Lung cancer kills more Americans than any other cancer, so why do 21.6% of patients get no treatment at all?
More people in the US die from lung cancer than any other type of cancer. And this is true for both men and women, according to the Centers for Disease Control and Prevention (CDC). However, just 6 in 10 lung cancer patients in the US receive minimal lung cancer treatments recommended by the National Comprehensive Cancer Network guidelines. Further, over 21% receive no treatment at all, shows analysis.
The likelihood of receiving the minimal treatments is even lower for black patients and the elderly, say researchers who based their findings on an analysis of 441,812 lung cancer patients diagnosed between 2010-2014 in the US National Cancer Database (NCDB). The team includes researchers from the Erasmus MC University Medical Center Rotterdam, the Netherlands, and University of Michigan, US.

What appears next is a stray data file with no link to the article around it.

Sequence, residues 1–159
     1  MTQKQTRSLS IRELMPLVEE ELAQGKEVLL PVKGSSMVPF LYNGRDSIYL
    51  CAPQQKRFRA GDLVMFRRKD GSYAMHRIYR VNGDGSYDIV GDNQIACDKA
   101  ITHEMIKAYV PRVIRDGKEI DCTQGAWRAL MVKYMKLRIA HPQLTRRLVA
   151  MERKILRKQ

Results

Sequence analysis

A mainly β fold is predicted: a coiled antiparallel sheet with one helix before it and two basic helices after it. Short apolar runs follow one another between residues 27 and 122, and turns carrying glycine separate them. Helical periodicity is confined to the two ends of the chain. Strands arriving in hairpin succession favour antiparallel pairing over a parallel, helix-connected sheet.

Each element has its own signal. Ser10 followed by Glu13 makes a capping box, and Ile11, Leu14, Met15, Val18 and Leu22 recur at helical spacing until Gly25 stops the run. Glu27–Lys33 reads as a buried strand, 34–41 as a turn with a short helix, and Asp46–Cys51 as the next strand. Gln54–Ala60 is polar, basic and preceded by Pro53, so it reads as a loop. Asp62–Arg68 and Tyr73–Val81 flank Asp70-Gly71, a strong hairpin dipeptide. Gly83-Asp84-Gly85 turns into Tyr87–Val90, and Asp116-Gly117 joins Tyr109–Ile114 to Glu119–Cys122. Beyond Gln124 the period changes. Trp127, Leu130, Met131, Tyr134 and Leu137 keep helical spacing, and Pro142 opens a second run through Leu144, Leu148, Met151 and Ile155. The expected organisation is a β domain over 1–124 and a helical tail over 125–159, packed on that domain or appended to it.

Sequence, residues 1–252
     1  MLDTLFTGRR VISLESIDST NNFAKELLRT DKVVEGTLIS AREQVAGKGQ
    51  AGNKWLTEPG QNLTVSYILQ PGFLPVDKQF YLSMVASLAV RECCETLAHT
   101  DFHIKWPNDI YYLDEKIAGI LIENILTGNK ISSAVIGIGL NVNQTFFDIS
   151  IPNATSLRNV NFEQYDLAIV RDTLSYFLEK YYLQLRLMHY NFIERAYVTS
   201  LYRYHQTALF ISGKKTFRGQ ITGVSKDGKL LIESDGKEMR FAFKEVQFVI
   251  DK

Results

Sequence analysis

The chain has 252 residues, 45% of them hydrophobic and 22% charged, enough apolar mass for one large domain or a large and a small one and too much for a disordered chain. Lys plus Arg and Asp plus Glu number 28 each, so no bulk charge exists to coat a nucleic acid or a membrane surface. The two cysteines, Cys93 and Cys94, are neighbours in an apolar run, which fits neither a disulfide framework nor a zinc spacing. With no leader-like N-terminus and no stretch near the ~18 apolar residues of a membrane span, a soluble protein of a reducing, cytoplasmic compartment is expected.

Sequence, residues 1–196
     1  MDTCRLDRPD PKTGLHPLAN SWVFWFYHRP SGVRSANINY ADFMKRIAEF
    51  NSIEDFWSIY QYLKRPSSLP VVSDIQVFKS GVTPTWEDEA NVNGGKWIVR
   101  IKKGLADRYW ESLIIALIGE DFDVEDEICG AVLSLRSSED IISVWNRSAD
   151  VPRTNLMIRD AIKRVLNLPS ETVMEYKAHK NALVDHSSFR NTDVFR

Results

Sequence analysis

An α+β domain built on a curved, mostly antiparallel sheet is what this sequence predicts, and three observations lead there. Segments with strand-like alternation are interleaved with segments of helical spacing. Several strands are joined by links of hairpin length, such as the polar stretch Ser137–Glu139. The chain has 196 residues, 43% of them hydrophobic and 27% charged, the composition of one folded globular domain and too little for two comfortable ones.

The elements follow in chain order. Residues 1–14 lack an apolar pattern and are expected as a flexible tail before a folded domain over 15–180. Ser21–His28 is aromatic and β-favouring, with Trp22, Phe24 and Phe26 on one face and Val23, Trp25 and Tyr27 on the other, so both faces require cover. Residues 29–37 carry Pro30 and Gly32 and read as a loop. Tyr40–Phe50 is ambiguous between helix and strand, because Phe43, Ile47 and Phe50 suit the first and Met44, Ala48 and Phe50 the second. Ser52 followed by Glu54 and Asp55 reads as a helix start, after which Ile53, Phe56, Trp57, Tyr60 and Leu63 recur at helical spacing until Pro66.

The results of the analysis are concerning, say experts who found that between 2010-2014, many lung cancer patients in the US received no treatment or less intensive treatment than recommended.
"I think we have to be careful about over-interpreting survey results. It certainly suggests we need to look further into this, because there may be several legitimate reasons for treatment to deviate from published guidelines. Survey methods do not allow us to do deeper into these reasons", study co-author Dr. Douglas Arenberg, who is a professor of medicine and a pulmonologist at the University of Michigan, told MEA WorldWide (MEAWW).